Victims of Military abductions surfaced due to Writ of Amparo
Full text of the writ of Amparo can be found here

Printed copies available, email rbahaguejr [at] gmail [dot] com

Saturday, November 06, 2004

Qoutes from Bruce Perens: "...programmers are like artists"

I have admired developers like him for the rigid adherence to freedom. Below are some qoutes i've got while browsing the net.

What about the balance of power between software users and the industry that develops it? The industry has been in the driver's seat for so long. Will that change?

There will be a shift to customers having more of a voice in what happens to their software than they do now. Today, we take an extremely vendor-centric view of the software industry. Propose a new software product, and the first question you get is, "How will you be the next Microsoft with this?" People don't even stop to think that you can make a healthy living without being the next Microsoft, or that the function of software is to do a job for the customer, primarily.

Why is it necessary for open-source supporters to get involved with governments?

Because the other side does. We've seen a very strong and well-funded thrust, which is run by Microsoft. They say they are asking for fairness, but then they say, "Let's have software patents with royalties in standards," and thus open source would not be able to
participate, and it's not fair at all.

The community is obviously made up of people who have wide-ranging views about software. Who do you think is going to win out, the pragmatists or the philosophers?

I think that the ideas of the philosophers are very much to the benefit of people who call themselves pragmatists. The pragmatists just don't realize that...If you use something that is less than open source, it comes back and hits you. You often see people who come in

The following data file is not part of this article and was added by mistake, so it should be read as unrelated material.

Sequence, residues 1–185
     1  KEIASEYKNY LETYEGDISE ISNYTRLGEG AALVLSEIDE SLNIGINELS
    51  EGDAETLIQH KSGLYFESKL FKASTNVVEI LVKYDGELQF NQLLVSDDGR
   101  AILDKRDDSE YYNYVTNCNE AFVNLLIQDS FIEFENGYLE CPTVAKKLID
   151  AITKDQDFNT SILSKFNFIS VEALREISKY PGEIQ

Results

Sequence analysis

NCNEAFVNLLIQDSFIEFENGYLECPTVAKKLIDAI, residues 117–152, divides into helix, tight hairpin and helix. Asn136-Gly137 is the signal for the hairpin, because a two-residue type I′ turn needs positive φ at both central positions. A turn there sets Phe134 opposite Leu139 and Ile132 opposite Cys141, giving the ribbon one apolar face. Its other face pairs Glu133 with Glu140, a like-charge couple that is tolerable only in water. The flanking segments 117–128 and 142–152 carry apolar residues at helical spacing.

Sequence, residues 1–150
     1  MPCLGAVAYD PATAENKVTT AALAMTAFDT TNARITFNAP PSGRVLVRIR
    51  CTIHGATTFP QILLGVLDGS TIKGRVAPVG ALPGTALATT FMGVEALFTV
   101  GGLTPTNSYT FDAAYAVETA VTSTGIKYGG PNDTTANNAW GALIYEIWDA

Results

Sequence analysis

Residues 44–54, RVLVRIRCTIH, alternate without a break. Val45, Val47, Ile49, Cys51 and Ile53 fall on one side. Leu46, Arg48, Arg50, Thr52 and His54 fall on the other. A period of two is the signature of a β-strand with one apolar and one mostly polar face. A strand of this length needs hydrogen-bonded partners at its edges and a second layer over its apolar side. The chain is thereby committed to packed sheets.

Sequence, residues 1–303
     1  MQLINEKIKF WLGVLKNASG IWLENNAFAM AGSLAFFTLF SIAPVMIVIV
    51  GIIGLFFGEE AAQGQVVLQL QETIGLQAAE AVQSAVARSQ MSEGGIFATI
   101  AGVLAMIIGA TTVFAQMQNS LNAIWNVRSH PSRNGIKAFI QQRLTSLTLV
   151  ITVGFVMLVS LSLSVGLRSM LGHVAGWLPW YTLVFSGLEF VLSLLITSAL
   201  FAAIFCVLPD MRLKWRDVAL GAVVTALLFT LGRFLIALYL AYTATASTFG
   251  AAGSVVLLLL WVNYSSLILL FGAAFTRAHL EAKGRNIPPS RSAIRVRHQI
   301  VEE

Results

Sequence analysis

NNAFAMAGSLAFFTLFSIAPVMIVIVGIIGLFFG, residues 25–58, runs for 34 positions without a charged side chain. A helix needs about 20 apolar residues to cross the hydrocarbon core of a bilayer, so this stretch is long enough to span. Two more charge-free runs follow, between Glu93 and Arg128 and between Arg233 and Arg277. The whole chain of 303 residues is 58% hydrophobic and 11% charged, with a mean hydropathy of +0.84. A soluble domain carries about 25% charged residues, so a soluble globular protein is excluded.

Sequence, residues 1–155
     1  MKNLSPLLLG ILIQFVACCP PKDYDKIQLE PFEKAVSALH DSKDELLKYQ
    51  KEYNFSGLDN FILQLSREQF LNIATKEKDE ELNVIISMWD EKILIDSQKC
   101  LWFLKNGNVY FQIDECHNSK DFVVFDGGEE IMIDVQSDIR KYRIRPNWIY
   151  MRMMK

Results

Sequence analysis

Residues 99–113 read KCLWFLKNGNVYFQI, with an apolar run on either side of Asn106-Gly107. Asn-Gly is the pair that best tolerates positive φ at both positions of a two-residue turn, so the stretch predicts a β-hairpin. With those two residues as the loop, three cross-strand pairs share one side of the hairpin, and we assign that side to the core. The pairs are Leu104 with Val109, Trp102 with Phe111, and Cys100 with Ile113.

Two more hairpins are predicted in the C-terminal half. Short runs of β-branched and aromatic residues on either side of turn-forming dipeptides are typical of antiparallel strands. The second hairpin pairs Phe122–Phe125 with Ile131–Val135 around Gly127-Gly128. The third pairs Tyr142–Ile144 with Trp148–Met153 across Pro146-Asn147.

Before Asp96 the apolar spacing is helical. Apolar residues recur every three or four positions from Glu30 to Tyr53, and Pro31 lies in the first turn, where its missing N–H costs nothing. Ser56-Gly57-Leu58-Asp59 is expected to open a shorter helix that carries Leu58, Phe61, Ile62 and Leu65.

as pragmatists, and a couple of years later they're writing "(Richard) Stallman's right about a lot of things, and it took me a while to realize it." At the same time, Richard is his own worst enemy because he is very bad at dealing with people who do not believe the way he does. If you're too far in your viewpoint away from Richard, what will happen is that Richard will simply become infuriated, and I have seen it happen in embarrassing public ways.


Q: It seems strange that social and psychological factors are more important incentives for creating open-source software than money.

A: I worked for Pixar for 12 years. During those 12 years, every piece of software I wrote, except for one, hit its end of life before I left the company -- the projects were canceled or never deployed. Nothing survives. Now, programmers are like artists. They derive gratification from lots of people using their work. Writing software that just gets put away feels like intellectual masturbation. All of the good comes from someone else participating.

What might limit or threaten the open-source movement? Some people worry that Microsoft, for instance, could wield its software patents to sue Linux developers who might infringe on Windows patents.

A: Software patents are a threat. Microsoft could mount a software-patent prosecution. They can afford to buy up patents. They could conceivably do this not with intent to collect damages but with intent to restrain open-source developers. Those developers could probably stay in court about a day before they have to settle.

Is Microsoft going to sue IBM and HP about Linux? It doesn't sound like they really can. HP is their biggest customer today. Would they sue their own users -- some company that's already making use of Linux and Windows -- as well? I don't think so. That would just drive those people away from Win

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